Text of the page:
Throughout CMJ 2015, Meredith Graves — Honor Press founder, Perfect Pussy frontwoman, Brooklyn resident — will be keeping track of her adventures here. As a showcase presenter, performer, and music fan, she’ll be running around Manhattan and Brooklyn, singing new songs, watching new friends, and taking notes in between. Stay tuned for more.
By the time your thought is halfway out your mouth, you already feel like an asshole. Whoever you’re talking to works in finance or “creates content” or makes microbrewed, gluten-free, fair trade rat milk cheese in Epcot Williamsburg, and they know that you get flown around the world to play unlistenably bad hardcore for a living. Yet here you are, explaining in detail that festivals are just the worst. It must be so painful to drink free beer, hug teenagers, and throw yourself around on stage like you’re being electrocuted. We look good in our grief.
But festivals, especially city-wide festivals, are a colossal fucking nuisance. If you’re from out of town, your band is competing with every other band in the known universe for a floor to sleep on, but your drummer is allergic to cats and there’s not enough room, so two of your bandmates are crashing with a distant relative up in Harlem while the rest of you are sharing one foldout couch in Bushwick. One of them loses their phone; the other their wallet. Load-in, which happens while you’re double-parked in front of a taxi stand at rush hour, is seven hours before your set. Two-thirds of your band is hung over to the point of hallucinating. Someone loses their wristband and has to be rescued from the front of the venue every time they go out to smoke. You piss off your bass player because you have a short temper and she stops making eye contact with you for several hours, leading you to question whether or not you’ve shamed your parents and all their hard work in your journey to adulthood. The soundguy is doing fourteen shows this week and does not care if your precious monitors are set to your liking. You sound weird. You feel weird. There are a lot of cameras and people taking notes, trying to read the veins popping out of your neck like tea leaves.
And if it hasn’t already been made clear, you are not allowed to complain about any of this, because we have the best job in the world. If you don’t cherish every single uncomfortable car ride straddling a bass head with a bag of cassettes on your lap, or every time an interviewer asks you a question better suited for Google, then you should quit and go do literally anything else with your life.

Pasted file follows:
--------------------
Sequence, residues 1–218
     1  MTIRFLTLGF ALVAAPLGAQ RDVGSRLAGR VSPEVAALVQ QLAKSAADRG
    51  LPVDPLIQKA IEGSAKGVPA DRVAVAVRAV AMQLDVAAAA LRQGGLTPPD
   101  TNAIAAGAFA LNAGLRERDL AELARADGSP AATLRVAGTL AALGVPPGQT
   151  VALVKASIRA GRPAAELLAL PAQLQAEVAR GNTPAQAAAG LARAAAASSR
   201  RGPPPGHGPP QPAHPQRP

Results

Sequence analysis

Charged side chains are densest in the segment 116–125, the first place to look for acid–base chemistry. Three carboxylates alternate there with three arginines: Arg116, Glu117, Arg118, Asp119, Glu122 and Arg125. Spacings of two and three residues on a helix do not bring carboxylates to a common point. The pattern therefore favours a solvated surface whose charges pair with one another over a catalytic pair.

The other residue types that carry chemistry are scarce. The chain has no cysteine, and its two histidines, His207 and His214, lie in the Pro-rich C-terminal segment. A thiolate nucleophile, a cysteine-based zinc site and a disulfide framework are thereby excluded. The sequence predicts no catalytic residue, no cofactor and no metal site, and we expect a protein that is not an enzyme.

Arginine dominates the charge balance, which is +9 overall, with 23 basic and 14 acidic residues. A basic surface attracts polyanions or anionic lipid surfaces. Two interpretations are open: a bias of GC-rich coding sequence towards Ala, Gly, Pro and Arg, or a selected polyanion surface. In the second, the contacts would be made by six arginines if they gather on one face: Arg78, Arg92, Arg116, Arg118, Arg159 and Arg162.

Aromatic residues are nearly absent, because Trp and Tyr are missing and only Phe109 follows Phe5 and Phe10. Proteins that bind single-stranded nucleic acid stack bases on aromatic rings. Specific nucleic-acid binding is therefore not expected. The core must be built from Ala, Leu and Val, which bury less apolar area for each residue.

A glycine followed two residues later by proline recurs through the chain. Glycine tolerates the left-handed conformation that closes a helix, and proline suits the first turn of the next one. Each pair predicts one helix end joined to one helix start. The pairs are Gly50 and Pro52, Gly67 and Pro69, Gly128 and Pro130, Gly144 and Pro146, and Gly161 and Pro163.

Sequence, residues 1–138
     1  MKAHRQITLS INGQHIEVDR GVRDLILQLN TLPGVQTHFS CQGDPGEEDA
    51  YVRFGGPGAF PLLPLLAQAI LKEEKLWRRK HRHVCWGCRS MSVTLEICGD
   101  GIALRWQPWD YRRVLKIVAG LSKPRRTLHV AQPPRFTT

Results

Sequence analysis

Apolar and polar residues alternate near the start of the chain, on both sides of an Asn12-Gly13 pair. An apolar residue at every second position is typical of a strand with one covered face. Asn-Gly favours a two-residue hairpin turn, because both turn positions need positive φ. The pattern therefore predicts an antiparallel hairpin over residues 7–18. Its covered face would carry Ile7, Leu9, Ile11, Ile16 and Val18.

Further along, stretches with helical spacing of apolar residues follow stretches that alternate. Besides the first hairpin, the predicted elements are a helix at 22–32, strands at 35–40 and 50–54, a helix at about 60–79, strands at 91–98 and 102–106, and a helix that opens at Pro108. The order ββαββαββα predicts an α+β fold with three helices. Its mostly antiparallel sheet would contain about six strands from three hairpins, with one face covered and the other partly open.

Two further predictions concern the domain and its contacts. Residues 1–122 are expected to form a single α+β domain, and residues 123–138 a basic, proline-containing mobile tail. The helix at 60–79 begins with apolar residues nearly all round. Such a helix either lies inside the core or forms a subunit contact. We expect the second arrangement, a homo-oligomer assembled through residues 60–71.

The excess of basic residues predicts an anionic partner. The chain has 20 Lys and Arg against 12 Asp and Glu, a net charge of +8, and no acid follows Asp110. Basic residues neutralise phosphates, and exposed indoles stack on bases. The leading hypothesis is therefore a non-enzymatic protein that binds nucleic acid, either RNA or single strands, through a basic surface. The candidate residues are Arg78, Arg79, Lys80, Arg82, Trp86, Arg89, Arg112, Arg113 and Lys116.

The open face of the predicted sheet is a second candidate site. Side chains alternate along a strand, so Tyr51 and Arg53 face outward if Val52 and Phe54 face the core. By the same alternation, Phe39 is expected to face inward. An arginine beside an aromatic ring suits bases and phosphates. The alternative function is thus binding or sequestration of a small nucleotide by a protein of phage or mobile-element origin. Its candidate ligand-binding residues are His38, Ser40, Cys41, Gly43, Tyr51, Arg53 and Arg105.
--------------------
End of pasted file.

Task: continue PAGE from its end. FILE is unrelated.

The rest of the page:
One thing that’s hard to make peace with is sharing a bill with bands exponentially better and more qualified than you are to do the damn job. That’s what we encountered at Santos Party House last night for the PopGun/NME showcase. Playing at 12:15 a.m. following Downtown Boys, Shopping, and Protomartyr doesn’t feel all that great, but again, I’m just riotously insecure, and there’s no crying in baseball.
Bands these days fall into two distinct categories: The Worst, and The Best. The Worst, which we were also treated to last night, usually take the form of White Male Mediocrity. The level of rocking out done by D-level guitar players, their commitment to their posture and tone and guitar faces, nasally compromising every note when they serenade you with basic pseudo-psych lyrics, is remarkable. Close your eyes and drift away on a vision of the dressing room at Urban Outfitters. I see red when I think about how many of my friends have been passed up for gigs on the basis of someone preferring to pay their boys in Mayonnaise Clan for the twelfth time. May we all one day experience the level of self-confidence held by these mediocre young white male artists. You all really think you’re great, which you are as long as you live in a world where “Real Estate” is a genre.
Then, of course, there are The Best Bands. Shopping is The Best Band. They’re also The Most British Band, sounding at times like the Slits, Wire, X-Ray Spex, or Gang of Four. Each instrument is played in a manner both elegant and sparse, which makes for nuanced, collaged melodies designed to get stuck in your head. These are three phenomenally talented people: They balance disparate and at times atonal instrumentation with beautiful, crisp vocal lines, and they can all sing. Few bands strike me as being in the same league as Pleasure Leftists, and in fact, Shopping might be the first.
Then there’s my band, which is definitely a band, a music band, that exists and plays music — you know, band stuff for bands. I was feeling friendly last night. I had a belly full of fire and vegan dim sum, so I talked much more between songs than I usually do, about friendship and loneliness and why I’d rather stage a coup than allow a bunch of old white congressmen with jowls that hang like a basset hound’s ballsack to defund Planned Parenthood. I don’t really drink much at shows any more because I’m old and my mom is embarrassed enough, so I have to get my kicks somehow. It takes the edge off things to run your mouth a little.
Playing shows without Shaun, our keyboard player, is funny. It’s easier to hear my vocals. I told my bandmates that I was going to tell the audience Shaun had died, but they didn’t think that was OK, so I said I’d tell everyone that we fired him, and then I didn’t do that, either. I also didn’t FaceTime him from the stage. This is fine — we have two more opportunities to do that, as he won’t be playing with us at (shameless plug) the AdHoc Car Wash on Saturday afternoon or the Silent Barn on Saturday night, either.
Come see my band in between the other two hundred bands you’d rather see. We have a new song. It’s about miscarriage. Don’t you dare say a word about the bags under my eyes. CMJ is a hoot. You won’t hear me complaining.